The Less You Have, The More You Need To Keep Track of It

You’ve been kidnapped and thrown in the trunk of a car. After your captors drive around for awhile, they pull you out and dump you in an unknown desert and drive off. You’re so far from civilization that you can’t even see a power pole. You can feel your skin dry in the heat.

Fortunately your captors tossed out a liter bottle of water and four Payday candy bars with you. You have a choice to make. Being hungry, do you wolf down the salty candy bars and wash the salty sweetness down by gulping your liter of water? Or, do you decide on the minimum you need of each resource to survive until you find help or civilization?

It’s wickedly similar to money. If you have little, do you ration what you have so that you can make it payday to payday or make the situation worse by ignoring what little money you have?

It’s more important to monitor your money when you have less. If all you have for a paycheck is four Paydays and a liter of water you’d better know how much of each you have and use each of those resources carefully. Being hungry and thirsty in a financial desert isn’t fun.

That little bit of food and water in the desert is easy to keep track of. It’s right there and you can see how much is left. Money is tricky. It’s numbers on a statement and a receipt for goods or services for most of us because we use debit or credit cards.

Are You Spending More Than You’re Bringing In?

Cards are really easy to use. The problem with them is you don’t actually see money go out of your hands and into the hands of someone else. Even if you were watching the bills leave your hand you aren’t watching the stack of bills get smaller.

Credit cards are a real threat. A credit card doesn’t spend your money. It spends someone else’s money and they’re going to want it back. If you didn’t have the money to pay for whatever, when you bought it, what makes you think you’ll have the money later?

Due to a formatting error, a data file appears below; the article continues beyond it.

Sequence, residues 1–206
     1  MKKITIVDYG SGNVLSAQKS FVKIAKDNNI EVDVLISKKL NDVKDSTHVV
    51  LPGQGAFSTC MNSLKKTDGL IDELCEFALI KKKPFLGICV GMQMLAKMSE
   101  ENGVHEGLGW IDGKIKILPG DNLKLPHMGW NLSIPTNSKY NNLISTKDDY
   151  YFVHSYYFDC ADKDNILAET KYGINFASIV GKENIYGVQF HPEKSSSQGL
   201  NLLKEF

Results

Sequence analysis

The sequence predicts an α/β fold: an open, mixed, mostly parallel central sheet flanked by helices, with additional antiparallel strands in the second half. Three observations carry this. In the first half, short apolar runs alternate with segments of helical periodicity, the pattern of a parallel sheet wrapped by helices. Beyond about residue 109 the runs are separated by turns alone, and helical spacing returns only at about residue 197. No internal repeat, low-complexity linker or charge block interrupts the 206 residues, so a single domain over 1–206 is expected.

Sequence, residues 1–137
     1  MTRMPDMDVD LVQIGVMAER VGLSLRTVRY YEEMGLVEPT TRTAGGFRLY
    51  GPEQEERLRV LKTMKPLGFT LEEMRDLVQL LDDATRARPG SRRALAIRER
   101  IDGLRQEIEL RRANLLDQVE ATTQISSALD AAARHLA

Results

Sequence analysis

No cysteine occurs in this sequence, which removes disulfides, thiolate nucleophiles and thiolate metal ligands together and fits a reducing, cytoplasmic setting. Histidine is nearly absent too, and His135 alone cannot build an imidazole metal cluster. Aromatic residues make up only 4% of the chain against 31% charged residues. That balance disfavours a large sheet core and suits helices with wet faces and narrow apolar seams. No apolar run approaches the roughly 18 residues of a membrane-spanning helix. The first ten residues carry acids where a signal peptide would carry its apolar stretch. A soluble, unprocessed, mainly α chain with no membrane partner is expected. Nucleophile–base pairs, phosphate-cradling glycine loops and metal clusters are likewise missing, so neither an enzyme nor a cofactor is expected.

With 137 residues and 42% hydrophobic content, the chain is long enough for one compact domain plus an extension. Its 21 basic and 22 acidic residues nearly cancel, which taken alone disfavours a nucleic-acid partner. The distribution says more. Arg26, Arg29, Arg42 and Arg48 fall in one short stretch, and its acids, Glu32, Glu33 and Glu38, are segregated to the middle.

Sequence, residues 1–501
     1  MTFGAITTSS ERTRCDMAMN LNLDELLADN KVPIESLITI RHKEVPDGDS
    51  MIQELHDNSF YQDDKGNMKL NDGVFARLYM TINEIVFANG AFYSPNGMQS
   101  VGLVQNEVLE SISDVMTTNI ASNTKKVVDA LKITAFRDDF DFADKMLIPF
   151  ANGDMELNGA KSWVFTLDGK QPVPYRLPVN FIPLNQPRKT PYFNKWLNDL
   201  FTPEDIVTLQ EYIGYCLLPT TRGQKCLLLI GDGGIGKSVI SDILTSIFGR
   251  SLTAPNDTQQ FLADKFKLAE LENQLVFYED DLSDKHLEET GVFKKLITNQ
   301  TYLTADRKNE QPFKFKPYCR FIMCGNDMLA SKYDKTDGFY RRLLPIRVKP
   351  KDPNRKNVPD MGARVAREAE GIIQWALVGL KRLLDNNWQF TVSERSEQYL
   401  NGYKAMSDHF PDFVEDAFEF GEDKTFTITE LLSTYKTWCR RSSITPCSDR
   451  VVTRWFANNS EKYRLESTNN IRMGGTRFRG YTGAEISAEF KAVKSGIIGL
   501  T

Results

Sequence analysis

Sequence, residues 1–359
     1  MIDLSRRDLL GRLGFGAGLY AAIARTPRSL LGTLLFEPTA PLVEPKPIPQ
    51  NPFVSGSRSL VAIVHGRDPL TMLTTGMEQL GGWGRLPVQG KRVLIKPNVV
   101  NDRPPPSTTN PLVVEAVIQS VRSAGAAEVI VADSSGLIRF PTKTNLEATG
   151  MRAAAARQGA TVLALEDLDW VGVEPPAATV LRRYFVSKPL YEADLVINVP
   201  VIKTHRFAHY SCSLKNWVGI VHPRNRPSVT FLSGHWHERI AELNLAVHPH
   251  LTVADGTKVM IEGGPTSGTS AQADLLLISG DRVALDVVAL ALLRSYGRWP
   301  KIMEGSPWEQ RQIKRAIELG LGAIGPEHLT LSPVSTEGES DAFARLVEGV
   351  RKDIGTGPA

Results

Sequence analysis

Your cash flow statement will tell you when you’re spending more than you’re bringing in. It’s a simple idea. When you have more flowing out than in, you’re using credit to cover the difference. If you can’t afford a purchase now, how much less will you be able to afford when you’re making payments on previous credit purchases?

Deception Prevention

We all lie to ourselves. We tell ourselves that we don’t really eat out that often. We don’t eat that much processed food. You didn’t gain weight, your spouse shrank your pants in the washer. Here’s the king of all self deception – I deserve it. Do you deserve whatever “it” is or do you deserve having some money later when you need it?

A cash flow statement is deception prevention. When you look at your cash flow, you’re forced to confront your spending habits and how they reflect your priorities. Is your spending getting you where you want to go? The only way you’ll know is to look at your cash flow statement to see if your money is flowing into the places that make a difference for you.

Try using a cash flow statement. It doesn’t have to be perfect. Just take an honest crack at it. If you see the benefits in it you’ll get better at it as time goes on. It’ll tell you where your money is going, then you can decide if your money is going where you want it to, even if you don’t have much.
Written by – Mark Pringle